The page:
Howard Kurtz picks up yesterday’s question thrown out by NPR’s Don Gonyea‘s report on the Edith Clement rumors.

“Did the Bush team put out misinformation on that crazy Tuesday to steer reporters away from John Roberts? We can’t answer the question definitively because the journalists involved have a Matt Cooper problem — they promised their sources anonymity, regardless of motive. But I can tell you that some of them are ticked and feeling misled,” Kurtz writes.

Leftist bloggers are hopping mad over this, which they see as just the latest in the Rovian manipulations of the Washington press corps. Atrios writes, “I really missed the memo when we were told that journalists who promised confidentiality to their sources were obligated to maintain that confidentiality even after learning that they’d been lied to. This isn’t about keeping promises, it’s about maintaining access and shame on all of them for pretending otherwise.”

Like Atrios, we’ll make the same deal we’ve made in the past: Anyone who wishes to out an anonymice source, email us confidentially or use the tip box.

Who was the Edith Clement source?

John Roberts, We Hardly Knew Ye

johndroberts.jpgLots of people are having fun with the with the commonness of the name John Roberts, which, in addition to the President’s latest Supreme Court nominee and CBS’ White House correspondent/stand-in anchor (left), is the moniker for a whole bunch of people, reports today’s Washington Post.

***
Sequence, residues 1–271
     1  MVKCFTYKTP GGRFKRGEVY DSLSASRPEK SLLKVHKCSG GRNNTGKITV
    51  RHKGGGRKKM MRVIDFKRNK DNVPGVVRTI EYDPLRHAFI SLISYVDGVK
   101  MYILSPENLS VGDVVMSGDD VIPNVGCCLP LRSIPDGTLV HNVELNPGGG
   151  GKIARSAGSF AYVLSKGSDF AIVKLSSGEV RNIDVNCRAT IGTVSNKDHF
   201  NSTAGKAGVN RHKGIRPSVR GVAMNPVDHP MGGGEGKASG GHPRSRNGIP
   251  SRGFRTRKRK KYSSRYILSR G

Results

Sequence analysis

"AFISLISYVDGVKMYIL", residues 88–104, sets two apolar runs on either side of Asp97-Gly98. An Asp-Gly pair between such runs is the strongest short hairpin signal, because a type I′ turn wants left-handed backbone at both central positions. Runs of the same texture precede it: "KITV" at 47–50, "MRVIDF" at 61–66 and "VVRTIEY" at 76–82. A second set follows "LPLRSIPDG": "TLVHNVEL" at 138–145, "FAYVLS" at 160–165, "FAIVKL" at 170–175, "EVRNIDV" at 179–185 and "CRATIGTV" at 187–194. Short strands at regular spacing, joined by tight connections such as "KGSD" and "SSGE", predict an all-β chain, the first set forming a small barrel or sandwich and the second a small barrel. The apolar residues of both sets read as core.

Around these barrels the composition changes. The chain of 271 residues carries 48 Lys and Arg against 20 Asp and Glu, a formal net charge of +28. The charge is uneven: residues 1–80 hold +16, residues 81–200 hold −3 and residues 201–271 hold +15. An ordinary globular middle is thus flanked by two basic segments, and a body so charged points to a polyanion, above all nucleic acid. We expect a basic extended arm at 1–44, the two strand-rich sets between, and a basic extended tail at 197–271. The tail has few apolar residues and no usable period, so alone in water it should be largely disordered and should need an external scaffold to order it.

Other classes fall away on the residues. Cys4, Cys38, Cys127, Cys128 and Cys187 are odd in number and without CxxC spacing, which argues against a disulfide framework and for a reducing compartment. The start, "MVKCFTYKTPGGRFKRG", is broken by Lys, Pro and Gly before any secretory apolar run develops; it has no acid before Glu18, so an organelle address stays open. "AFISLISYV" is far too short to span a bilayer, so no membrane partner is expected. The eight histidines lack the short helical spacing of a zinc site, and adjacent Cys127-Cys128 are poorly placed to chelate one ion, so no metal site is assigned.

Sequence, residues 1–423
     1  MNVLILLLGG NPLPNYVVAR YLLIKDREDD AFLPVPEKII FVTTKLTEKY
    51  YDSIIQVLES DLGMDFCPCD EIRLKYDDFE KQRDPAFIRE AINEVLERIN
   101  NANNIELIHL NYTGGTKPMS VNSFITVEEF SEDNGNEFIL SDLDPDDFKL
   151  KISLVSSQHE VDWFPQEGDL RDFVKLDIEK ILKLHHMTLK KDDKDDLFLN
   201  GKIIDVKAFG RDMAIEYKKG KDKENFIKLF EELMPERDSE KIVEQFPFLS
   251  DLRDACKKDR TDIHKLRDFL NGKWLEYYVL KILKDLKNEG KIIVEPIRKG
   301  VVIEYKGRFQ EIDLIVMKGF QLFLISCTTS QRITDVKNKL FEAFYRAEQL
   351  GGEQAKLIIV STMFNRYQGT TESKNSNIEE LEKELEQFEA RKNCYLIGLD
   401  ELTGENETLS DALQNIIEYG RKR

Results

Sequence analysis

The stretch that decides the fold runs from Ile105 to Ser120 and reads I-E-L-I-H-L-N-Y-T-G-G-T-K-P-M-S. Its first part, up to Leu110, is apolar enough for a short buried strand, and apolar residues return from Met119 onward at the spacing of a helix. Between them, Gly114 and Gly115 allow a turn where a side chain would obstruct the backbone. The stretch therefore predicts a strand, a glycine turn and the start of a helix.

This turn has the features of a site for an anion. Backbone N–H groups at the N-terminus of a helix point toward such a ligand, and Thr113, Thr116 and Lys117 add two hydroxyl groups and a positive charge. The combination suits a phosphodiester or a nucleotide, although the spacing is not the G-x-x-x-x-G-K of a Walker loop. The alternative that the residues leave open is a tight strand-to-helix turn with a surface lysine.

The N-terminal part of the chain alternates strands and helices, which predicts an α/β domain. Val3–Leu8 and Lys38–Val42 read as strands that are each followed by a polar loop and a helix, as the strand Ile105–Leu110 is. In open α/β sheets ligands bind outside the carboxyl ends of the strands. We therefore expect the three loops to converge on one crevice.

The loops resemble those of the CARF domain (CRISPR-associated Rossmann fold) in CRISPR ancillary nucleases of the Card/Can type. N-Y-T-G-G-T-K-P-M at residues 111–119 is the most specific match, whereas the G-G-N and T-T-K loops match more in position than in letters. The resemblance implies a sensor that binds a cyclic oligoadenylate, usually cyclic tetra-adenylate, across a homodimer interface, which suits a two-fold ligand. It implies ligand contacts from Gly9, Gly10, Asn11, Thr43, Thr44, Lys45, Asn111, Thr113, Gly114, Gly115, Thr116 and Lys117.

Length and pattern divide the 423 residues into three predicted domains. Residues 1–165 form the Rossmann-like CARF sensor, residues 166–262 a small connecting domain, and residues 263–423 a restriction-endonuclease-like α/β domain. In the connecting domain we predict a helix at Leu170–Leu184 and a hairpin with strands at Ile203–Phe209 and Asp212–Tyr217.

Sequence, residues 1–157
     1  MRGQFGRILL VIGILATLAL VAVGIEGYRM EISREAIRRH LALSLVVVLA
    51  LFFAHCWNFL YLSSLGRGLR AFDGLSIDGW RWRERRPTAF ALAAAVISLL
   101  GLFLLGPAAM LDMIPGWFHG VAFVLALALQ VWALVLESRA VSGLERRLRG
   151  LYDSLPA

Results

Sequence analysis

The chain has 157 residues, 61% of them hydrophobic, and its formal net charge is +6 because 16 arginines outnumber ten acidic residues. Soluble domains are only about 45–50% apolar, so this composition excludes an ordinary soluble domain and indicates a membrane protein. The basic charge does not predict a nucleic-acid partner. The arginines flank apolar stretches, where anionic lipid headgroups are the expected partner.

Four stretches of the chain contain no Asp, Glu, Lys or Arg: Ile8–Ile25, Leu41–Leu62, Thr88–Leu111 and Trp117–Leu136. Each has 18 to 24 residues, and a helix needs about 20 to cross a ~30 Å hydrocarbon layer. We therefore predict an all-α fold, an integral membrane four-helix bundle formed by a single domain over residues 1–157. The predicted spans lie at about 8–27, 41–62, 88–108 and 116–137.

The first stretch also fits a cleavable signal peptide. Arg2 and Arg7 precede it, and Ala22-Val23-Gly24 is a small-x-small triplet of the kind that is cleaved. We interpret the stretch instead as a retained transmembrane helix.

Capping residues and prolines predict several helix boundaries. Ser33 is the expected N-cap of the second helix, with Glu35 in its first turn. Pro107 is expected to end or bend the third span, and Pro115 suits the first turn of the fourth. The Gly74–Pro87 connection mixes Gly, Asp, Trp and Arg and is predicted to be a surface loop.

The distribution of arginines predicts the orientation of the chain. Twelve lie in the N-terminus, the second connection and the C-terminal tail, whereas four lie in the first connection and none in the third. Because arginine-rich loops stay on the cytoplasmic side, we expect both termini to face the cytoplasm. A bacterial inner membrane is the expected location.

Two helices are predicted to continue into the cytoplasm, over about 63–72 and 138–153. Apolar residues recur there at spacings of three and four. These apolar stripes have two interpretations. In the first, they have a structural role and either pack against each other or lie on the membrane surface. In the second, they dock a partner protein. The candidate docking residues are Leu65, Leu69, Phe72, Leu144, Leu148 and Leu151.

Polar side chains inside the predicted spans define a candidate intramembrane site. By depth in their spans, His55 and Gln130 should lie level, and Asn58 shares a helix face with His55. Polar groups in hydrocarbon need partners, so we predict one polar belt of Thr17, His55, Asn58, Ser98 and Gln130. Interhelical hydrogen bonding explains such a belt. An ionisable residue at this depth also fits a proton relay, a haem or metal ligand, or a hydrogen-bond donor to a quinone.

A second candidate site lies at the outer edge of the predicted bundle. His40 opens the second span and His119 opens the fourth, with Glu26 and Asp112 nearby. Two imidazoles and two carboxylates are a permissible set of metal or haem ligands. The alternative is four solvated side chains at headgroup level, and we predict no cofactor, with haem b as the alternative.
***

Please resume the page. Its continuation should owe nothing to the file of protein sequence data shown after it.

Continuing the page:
The CBS version of the name, meanwhile, wrote a little commentary on the shared name:

“It was a bit of an ‘Alice In Wonderland’ moment last night, watching President Bush in the State Dining Room lauding the accomplishments and character of one ‘John Roberts.’ After my four and a half years covering the Bush White House, I couldn’t imagine the name ‘John Roberts’ and the phrase ‘widely admired for his intellect, his sound judgment and his personal decency’ being used in the same time zone, let alone the same sentence.”

CBS’ Roberts expects that he’ll get some extra special treatment on the phone when he calls the White House–at least until they realize it’s not the judge calling.

Did The White House Mislead?

Frankly, it’s not the anchor chair of the CBS Evening News, but John Roberts should be pretty happy with his nomination to the U.S. Supreme Court.

Brian at our cousin TVNewser has some details on the coverage.

And, for the record, the CBS version of Roberts made one reference to the fact that he shared a name with the nominee. During the West Coast evening news, just 30 minutes before the President’s speech, CBS’ Roberts announced the name and said, “no relation to this correspondent.”

While we imagine that the story will quickly turn to the bloodbath about to ensue, NPR’s Don Gonyea offers some tantalizing clues about how the nomination happened–including the fact that the day-long rumors about Edith Clement were fueled by a “confidential but persuasive” source.

Who was the source and what was his or her motive? Did the press corps get intentionally misdirected by a White House smokescreen? Did the press promise confidentiality to someone who lied to them?

Given all of the attention to leaks and sourcing in recent weeks, some enterprising reporter should follow this story up today.